Prominent U.S. defense programs are feeling pressure from more than just Congress and Pentagon cost police. Before and during the Paris Air Show, Boeing’s KC-46A tanker and Lockheed Martin’s F-35 Lightning II faced flak from the aviation press and, in the latter case, an ally’s speech.
The award of the contract for the U.S. Air Force’s KC-46A program to Boeing in February was not on the agenda of a weeklong pre-Paris Air Show media trip of Boeing’s defense businesses, but it nevertheless dominated questioning by invited aviation writers during the first couple days of the trip.
Readers may recall this is the program that in its earlier manifestation brought us Darleen Druyun, the former Air Force acquisition executive and Boeing employee who spent time in jail, as did Boeing’s then-CFO, over a corrupted plan to lease KC-767 tankers. This was before successive Pentagon competitions first elevated, and then eliminated, the Airbus A330-based tanker proposed by Northrop Grumman-EADS and finally just EADS.
Given the tanker program’s checkered past, aviation defense writers were bothered that Boeing since February had remained imprecise about key, potentially risky, aspects of its winning KC-46A configuration, including the wing, refueling system and promised, Dreamliner-inspired digital flight deck. They took their concerns straight to the horse’s mouth, sharply questioning Boeing Defense and Space CEO Dennis Muilenburg and Military Aircraft president Chris Chadwick at Boeing’s defense headquarters in St. Louis.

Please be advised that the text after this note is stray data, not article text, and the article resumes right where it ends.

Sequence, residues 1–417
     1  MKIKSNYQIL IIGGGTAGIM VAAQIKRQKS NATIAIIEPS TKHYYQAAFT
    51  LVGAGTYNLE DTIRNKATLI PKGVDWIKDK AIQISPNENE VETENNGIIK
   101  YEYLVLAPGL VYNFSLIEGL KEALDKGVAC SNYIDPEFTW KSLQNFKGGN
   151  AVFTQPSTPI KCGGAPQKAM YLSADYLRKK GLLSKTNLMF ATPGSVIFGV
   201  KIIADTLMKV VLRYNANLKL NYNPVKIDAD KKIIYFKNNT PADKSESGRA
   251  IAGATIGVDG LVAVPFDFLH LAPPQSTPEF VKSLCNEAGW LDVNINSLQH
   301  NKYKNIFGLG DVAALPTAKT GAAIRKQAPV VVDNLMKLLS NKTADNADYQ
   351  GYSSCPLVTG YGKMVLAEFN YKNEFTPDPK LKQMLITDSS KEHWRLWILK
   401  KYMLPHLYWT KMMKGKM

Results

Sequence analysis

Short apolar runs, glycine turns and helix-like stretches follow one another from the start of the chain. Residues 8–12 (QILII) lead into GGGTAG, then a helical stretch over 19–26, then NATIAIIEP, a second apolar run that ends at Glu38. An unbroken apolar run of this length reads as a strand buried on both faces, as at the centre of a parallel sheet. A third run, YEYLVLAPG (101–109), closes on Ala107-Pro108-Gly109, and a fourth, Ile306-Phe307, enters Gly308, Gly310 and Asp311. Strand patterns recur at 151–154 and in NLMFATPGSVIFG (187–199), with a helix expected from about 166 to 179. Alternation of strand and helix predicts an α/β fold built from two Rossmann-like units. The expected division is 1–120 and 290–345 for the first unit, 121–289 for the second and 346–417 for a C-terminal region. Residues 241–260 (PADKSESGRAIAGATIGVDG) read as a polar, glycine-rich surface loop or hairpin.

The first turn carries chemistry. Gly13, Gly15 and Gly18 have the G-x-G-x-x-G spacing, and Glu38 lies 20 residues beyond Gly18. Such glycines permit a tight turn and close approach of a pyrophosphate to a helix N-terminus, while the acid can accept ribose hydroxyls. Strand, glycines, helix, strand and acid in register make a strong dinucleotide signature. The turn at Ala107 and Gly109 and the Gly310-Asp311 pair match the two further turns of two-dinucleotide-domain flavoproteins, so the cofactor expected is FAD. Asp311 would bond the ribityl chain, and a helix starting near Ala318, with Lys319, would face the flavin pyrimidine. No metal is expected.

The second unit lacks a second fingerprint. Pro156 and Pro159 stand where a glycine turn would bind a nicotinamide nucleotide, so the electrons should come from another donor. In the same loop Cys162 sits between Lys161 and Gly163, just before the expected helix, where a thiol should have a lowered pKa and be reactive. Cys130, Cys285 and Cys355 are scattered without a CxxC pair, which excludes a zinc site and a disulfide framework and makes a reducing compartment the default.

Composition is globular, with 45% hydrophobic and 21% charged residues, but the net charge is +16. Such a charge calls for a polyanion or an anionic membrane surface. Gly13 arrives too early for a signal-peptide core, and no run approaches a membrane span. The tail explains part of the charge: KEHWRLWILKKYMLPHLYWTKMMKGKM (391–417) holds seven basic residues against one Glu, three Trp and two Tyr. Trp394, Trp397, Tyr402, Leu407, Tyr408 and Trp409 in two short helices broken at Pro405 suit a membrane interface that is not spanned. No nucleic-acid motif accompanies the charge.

“I get the message. I understand that there’s a tremendous interest in tankers,” allowed Chadwick. “We’re going to stay aligned with our customer [the Air Force], but let me take that [message] back. I’ll talk to the team, I’ll talk to the customer, and we will be as forthright as we can and we’re comfortable with as we move forward.”
Two weeks later, Boeing released more details on the tanker–which will be a modification of its 767-200ER airliner–at the Paris Air Show.
More drama was in store at Paris Le Bourget airport, the airshow venue. U.S. Air Force Maj. Gen. C.D. Moore briefed reporters on the F-35, then fielded expected questions on the long-term cost of a program that Pentagon acquisition chief Ashton Carter has called “unaffordable” based on, its current trajectory. Scheduled next on stage was a representative of the Norwegian defense ministry, for what presumably would be an official celebration of Norway’s decision to order four F-35s for training purposes.
Cognizant of the world’s aviation press sitting before him, Rear Adm. Arne Roksund instead delivered a speech linking further procurement of up to 56 F-35s by Norway to support of his country’s joint strike missile (JSM) development.
“Our ambition is clearly to have a successful [F-35] industrial program, and the JSM is a key to that,” Roksund said. “If we don’t succeed with the JSM, we’ll have a problem succeeding with an industrial program.” But he stepped back from the brink of serving notice that Norway would withdraw from the international F-35 coalition over the choice of a missile. “We don’t have a need for four training fighters alone,” he said. “I can assure you that when we decide to buy four training fighters, we’re going to have F-35 as the cornerstone of the air force.”
In defense acquisitions, it seems, nothing can be taken for granted.